the associated racket woke our driver from his slumbers, curled up on top of our luggage in the back. It didn't make him any happier than his previous mood either !! The exhaust was tied up somewhere underneath with
string .. in no way stopping any of the noise or fumes .. and we headed back out of the gravel pit and back onto the proper road. The engine popping and banging in the still night air .. with the apprentis, following a
( chastisement of a somewhat serious nature ! ) .. consigned to his former place in the rear.
At 11.30pm the border crossing point at Kangaba were expecting us .. indeed they must have heard
us coming for some considerable time. Papers were once again produced and stamped on the Guinea exit side. On to the baggage check .. nothing amiss .. but just as we were about
to get back into the taxi .. we were approached by a couple of guys .. Chinese 0. 5
candlepower torches in hand, asking for payment. Not in uniform and with the blackness of the night so intense we could hardly see their faces .. they made the near fatal mistake of demanding payment from an over-tired, sore-throated Toubab with his legally stamped passport
securely in his pocket.
To avoid your blushes, dear reader, I won't repeat what I said .. but they didn't get any !!
The Mali entry side was not much better. It always seems that when it is dark .. and
these places never have sufficient lighting .. more liberties are taken. First the customs baggage inspection .. all our bags had to be laboriously untied from the roof rack by the lights of any of us who had
power left in our torch batteries .. then we had to stand beside our own possessions.
Absolutely nothing was checked and they all had to be re-packed .. an episode which took 20 minutes or so and was of
absolutely no benefit to anyone. Next the immigration office. My passport was stamped without problem .. but again payment was unfairly demanded from all the Africans, including the Malian citizens .. despite all
having correct papers. After the usual minor arguments and petitions, all paid up meekly .. but by this time, Alaghi had had enough as well.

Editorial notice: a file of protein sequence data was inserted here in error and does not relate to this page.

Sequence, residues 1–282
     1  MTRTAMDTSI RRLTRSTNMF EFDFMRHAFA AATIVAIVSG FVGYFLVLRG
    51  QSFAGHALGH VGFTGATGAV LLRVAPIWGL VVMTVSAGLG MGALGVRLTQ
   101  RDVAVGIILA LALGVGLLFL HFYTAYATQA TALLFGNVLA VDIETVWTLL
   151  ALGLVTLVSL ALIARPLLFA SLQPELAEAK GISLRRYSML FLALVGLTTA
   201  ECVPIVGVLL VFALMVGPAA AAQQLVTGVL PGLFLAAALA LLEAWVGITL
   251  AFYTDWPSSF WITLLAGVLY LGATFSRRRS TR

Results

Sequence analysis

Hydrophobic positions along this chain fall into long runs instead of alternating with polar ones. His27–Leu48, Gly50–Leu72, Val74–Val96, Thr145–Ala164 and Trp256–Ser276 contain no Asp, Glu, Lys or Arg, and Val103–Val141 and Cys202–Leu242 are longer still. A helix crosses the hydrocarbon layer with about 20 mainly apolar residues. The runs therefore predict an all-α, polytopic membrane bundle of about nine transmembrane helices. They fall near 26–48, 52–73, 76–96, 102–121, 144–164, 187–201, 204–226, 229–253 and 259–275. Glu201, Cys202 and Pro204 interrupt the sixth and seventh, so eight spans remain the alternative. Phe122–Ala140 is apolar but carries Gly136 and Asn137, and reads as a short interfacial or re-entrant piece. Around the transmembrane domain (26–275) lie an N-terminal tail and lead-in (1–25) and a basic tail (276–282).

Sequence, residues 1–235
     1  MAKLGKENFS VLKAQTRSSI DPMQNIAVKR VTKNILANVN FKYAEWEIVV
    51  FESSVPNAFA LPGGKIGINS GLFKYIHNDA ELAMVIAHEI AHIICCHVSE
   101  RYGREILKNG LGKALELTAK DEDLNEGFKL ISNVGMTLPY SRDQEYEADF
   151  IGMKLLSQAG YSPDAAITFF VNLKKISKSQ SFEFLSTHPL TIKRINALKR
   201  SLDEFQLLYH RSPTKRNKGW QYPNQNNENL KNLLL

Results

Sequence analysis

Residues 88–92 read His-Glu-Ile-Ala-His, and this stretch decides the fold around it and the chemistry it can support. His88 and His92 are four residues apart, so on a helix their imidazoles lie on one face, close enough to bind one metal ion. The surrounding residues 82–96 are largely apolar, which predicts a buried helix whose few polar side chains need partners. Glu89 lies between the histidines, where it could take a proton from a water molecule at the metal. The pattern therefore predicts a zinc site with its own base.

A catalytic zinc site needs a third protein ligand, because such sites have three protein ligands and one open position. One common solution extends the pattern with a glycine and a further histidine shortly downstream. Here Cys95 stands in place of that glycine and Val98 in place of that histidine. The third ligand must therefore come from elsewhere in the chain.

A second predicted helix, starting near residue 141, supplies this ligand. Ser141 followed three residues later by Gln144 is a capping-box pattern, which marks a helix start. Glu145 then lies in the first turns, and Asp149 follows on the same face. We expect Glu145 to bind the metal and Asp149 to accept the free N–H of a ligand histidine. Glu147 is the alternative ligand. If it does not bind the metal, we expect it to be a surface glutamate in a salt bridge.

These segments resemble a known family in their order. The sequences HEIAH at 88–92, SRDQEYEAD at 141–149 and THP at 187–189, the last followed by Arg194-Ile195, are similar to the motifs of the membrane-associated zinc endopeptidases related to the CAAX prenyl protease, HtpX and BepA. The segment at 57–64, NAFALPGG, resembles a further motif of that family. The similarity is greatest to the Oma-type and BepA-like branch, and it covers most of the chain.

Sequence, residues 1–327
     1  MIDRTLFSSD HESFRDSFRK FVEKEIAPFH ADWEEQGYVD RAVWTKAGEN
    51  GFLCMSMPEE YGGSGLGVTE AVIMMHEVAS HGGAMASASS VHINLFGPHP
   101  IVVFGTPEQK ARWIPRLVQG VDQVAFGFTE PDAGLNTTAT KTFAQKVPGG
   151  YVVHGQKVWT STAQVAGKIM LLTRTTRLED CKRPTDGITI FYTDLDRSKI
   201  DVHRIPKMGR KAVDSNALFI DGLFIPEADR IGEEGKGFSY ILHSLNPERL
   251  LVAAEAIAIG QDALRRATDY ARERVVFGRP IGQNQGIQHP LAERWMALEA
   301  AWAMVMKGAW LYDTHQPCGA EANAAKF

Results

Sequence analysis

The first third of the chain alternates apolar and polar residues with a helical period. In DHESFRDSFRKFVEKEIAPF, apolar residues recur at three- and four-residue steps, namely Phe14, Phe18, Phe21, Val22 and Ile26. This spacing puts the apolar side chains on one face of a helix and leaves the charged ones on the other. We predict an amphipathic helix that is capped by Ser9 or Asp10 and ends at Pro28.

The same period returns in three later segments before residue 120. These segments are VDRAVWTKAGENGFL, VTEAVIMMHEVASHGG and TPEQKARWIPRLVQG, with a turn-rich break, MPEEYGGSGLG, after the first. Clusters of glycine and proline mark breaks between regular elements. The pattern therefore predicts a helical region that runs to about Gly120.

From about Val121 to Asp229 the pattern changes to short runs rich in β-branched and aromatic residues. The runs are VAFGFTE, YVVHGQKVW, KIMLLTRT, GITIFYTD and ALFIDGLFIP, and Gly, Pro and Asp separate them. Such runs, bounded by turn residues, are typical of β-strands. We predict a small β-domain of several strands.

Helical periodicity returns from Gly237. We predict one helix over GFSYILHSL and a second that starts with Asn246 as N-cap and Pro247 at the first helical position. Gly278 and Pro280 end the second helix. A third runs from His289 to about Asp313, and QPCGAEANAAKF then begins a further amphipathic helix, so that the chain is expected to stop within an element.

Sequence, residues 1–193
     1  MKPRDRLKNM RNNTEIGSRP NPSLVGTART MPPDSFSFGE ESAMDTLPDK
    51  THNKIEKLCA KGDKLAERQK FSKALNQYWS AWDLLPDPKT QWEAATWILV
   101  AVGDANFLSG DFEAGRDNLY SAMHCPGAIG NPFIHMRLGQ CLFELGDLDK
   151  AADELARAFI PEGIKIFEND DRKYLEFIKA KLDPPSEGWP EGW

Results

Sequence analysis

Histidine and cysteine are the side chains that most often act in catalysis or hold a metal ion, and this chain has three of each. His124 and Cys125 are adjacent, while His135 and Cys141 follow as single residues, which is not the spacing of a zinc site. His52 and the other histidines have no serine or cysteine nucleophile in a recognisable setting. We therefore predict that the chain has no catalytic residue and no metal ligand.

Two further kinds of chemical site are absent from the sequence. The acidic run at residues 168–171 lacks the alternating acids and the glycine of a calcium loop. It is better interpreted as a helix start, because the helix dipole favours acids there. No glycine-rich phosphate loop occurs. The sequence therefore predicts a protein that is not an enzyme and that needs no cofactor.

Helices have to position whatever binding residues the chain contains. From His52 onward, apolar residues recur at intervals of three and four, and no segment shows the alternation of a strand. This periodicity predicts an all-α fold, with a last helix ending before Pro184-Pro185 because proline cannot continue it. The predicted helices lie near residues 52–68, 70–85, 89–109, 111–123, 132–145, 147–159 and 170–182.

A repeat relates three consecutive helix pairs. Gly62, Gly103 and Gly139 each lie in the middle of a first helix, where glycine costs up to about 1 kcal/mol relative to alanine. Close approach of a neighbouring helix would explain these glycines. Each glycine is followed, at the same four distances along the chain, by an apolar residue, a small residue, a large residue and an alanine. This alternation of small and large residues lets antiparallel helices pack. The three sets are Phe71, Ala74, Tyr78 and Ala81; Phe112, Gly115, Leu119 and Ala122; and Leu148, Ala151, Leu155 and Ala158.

Having passed through this border crossing on numerous occasions .. always with his correct
papers and usually receiving a similar welcome to that which we enjoyed on our entry to Guinea
.. this Malian welcome
from a different night shift of border guards .. was the last straw !!
After arguing his case for a good 15 minutes .. he stubbornly refused to pay them anything and sat down at the side of the road in a
one-man protest against corruption.
If I hadn't given him the money and coerced him into giving way and paying up .. he or we would still be there to this day. These so-called officials
would have been quite willing to let him stay there indefinitely, whilst they lounged on their beds in the shadows, watching a colour TV.
No payment .. no papers returned .. no travel .. regardless of any inconvenience to others !!
The noisy interior of our transport became even noisier and more heated with the combined derogatory comments
aimed at corrupt officials in general and these in particular. We literally roared into the ever more sparse bush of the Mali countryside .. over considerably rougher roads with what seemed to be needle-pointed rocks,
just below the surface of the thick dust.
Our entry into Guinea had been marked by the appearance of Guinea Fowl .. here we were welcomed by Malian mice scurrying over the road .. and a galloping hare .. lit by our
The intervening hours, between the border and Bamako itself, were lost in a semi-conscious nightmare of noise, dust and fumes, until eventually we could make out the ambient lighting as we neared the
city outskirts. An enormous and very brightly lit power station was our first sight of Bamako as we banged, popped and clattered through the sprawling outskirts to arrive ..
barely alive, with raw throats and throbbing headaches .. at the taxi-garage at around 4am.
Only one café was open .. so we staggered over a large rubbish-filled storm drain to gorge ourselves on drinks,
whilst watching the metre-long rats scavenging in the rubbish near our feet. We listened to the UK football results on the BBC World Service .. which, by coincidence,
were being played at full volume on the café owner's radio .. at long last we had made it to Mali.